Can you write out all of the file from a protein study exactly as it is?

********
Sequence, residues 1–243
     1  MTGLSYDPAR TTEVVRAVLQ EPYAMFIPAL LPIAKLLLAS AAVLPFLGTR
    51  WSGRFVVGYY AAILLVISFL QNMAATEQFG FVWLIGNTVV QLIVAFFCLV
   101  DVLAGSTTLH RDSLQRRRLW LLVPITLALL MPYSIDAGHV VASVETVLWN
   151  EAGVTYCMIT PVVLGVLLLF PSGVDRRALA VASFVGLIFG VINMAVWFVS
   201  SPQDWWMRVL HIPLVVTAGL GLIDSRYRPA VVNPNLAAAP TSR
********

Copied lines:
Sequence, residues 1–243
     1  MTGLSYDPAR TTEVVRAVLQ EPYAMFIPAL LPIAKLLLAS AAVLPFLGTR
    51  WSGRFVVGYY AAILLVISFL QNMAATEQFG FVWLIGNTVV QLIVAFFCLV
   101  DVLAGSTTLH RDSLQRRRLW LLVPITLALL MPYSIDAGHV VASVETVLWN
   151  EAGVTYCMIT PVVLGVLLLF PSGVDRRALA VASFVGLIFG VINMAVWFVS
   201  SPQDWWMRVL HIPLVVTAGL GLIDSRYRPA VVNPNLAAAP TSR